Oxycodone Uses

The primary clinical use for oxycodone is analgesia, or pain relief. Oxycodone is a semi-synthetic opioid (narcotic) that is meant to treat moderate to severe pain. It comes in immediate release formulations and in a controlled release tablet (OxyContin). The latter version is meant to treat moderate to severe pain that is around the clock and expected to persist. Oxycodone is also combined with acetaminophen and marketed under the name Percocet.

Oxycodone can be habit forming and is meant only for the patient for whom it was prescribed. Patient therapy with oxycodone should be individualized based on unique needs and medical history. The medication is intended to be taken whole, not crushed, chewed or broken in any way. Doing this can cause a potentially lethal dose from entering the system. In addition to pain relief, oxycodone can cause feelings of sedation and euphoria. One of its chief hazards is respiratory depression.

Important Risks Associated with Oxycodone Therapy

Oxycodone is a central nervous system depressant. It can cause respiratory arrest or death if taken in combination with other substances that have this effect. Anyone who misuses or abuses Oxycodone in any of its forms can put his or her self in jeopardy. Other substances that depress the central nervous system include alcohol, other narcotics, sedatives, hypnotics, benzodiazepines and barbiturates. Combining any of these medications can lead to heavy sedation and coma. People who do combine central nervous system depressants also risk accidents and injuries to themselves and others.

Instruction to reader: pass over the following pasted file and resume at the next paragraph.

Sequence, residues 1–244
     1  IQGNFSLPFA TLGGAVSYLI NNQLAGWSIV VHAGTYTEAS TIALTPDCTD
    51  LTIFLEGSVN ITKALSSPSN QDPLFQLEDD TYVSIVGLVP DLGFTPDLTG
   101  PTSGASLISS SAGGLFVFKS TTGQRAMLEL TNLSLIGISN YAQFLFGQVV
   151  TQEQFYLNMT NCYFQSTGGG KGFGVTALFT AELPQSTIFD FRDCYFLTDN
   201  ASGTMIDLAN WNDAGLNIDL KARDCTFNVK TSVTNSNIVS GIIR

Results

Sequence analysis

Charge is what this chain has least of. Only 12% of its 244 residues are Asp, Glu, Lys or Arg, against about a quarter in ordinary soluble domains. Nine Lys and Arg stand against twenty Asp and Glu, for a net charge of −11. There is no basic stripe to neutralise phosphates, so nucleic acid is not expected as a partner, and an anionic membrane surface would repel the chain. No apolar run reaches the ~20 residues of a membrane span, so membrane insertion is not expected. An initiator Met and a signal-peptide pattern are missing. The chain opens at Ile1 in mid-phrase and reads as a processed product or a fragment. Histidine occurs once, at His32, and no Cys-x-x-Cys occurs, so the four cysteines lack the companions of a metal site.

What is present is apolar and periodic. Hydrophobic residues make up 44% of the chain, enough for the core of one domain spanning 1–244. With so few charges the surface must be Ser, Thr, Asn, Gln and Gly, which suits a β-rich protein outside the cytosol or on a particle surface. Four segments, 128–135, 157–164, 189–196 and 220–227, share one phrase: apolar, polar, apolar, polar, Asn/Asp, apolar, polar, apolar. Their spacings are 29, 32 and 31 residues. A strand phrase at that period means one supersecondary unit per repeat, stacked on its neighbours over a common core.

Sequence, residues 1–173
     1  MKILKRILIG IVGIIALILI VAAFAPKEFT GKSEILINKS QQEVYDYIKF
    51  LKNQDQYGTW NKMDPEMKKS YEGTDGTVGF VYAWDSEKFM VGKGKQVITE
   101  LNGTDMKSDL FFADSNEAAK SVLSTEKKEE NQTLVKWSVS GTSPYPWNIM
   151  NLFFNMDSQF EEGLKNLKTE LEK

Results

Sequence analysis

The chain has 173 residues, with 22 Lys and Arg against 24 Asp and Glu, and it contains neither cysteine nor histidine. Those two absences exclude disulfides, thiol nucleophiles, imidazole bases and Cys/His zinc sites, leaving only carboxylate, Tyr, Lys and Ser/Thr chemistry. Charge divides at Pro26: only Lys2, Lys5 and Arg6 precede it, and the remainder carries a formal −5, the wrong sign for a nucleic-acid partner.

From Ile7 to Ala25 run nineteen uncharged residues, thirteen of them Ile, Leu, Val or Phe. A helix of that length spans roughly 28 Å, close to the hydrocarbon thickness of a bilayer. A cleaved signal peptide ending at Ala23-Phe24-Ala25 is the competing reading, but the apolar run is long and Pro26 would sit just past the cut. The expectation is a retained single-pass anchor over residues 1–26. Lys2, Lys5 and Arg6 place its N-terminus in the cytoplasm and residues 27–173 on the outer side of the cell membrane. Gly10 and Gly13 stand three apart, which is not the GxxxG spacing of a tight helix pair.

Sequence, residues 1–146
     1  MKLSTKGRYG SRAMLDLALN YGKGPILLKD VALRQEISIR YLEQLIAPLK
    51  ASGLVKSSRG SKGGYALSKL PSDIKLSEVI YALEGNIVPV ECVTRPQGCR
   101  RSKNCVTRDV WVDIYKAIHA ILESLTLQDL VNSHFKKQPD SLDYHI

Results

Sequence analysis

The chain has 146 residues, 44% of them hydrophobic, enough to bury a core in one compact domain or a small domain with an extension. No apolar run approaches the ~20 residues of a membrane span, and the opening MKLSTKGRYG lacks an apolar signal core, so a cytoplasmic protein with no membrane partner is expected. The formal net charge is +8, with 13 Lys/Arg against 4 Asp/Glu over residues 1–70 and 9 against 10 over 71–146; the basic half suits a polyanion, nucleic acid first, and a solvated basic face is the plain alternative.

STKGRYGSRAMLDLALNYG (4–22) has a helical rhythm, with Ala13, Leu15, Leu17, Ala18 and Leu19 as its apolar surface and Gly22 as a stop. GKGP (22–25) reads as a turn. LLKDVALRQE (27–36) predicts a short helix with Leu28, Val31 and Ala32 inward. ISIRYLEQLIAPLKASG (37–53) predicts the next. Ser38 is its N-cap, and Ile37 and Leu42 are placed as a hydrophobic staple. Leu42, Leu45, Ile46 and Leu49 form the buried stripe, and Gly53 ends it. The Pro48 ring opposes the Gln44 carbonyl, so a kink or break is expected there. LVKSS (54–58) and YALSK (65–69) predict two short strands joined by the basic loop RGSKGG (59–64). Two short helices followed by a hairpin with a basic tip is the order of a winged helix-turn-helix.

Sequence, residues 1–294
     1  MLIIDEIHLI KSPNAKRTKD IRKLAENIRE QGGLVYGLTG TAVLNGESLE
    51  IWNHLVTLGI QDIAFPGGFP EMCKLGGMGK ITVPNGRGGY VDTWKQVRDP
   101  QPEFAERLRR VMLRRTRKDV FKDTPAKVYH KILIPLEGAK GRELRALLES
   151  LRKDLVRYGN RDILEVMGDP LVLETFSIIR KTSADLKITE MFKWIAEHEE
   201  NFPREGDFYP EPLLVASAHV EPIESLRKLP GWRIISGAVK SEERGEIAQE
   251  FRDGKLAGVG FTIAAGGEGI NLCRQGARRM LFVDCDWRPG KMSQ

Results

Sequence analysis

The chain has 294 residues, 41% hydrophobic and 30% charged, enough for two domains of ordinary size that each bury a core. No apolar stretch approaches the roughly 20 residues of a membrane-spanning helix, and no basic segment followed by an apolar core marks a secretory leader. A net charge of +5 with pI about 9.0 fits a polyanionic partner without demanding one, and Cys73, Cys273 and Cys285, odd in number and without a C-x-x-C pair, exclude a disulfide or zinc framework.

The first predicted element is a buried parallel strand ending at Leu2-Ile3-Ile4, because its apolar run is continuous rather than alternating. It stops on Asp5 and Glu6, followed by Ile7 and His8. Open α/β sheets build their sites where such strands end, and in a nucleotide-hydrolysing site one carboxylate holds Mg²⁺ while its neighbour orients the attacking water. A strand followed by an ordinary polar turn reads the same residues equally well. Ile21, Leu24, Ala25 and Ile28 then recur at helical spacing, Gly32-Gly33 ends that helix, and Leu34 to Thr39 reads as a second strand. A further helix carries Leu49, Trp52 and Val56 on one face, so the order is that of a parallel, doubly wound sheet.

Important information on safe use accompanies every prescription of oxycodone. It should be taken exactly as specified in the instructions to avoid risks and complications. These can include physical and/or psychological dependence, addiction, allergic reaction and opioid overdose. Many people on long-term opioid therapy will develop a tolerance that requires escalating dosages of the medication to achieve the same effect. Patients with prescriptions for oxycodone should never increase their usage or dose without a doctor's approval. Doing so could create complications including dependency.

Anyone who has been taking oxycodone regularly should not stop without talking to a doctor. If a physical dependency has been established, a patient on relatively short-term but regular therapy may be titrated, or gradually weaned. Patients who have taken the medication for a longer period may need an adjustment in dosage, a medication switch or possible oxycodone detox.

Oxycodone Tests and Ways to Detect Use

There are many reasons why a person may need to be tested for the presence of oxycodone in his or her system. Drug screens are sometimes used to determine workplace eligibility. Drug tests may also be used to test athletes and people who've had prior issues with addiction or abuse.

Oxycodone is a popular prescription painkiller that belongs to a class of drugs called opioids. It is meant to treat moderate to severe pain and is marketed as different drugs including OxyContin and Percocet. These are considered to be drugs of abuse and are often linked to issues that include dependence, addiction, accidental death, pharmacy theft, falsified prescriptions, trafficking and other crimes.

Tests can be administered in a hospital, clinic, lab, work place or at home. These tests may be court ordered or mandated as a part of a drug treatment program. Sometimes, companies will test potential hires or current employees – especially those who work jobs that put themselves or others in danger. Parents may also wish to test their children if they suspect the child has been using or abusing drugs.

A urinalysis is the most common type of oxycodone test to determine use. Hair, saliva and blood may also be tested for its presence.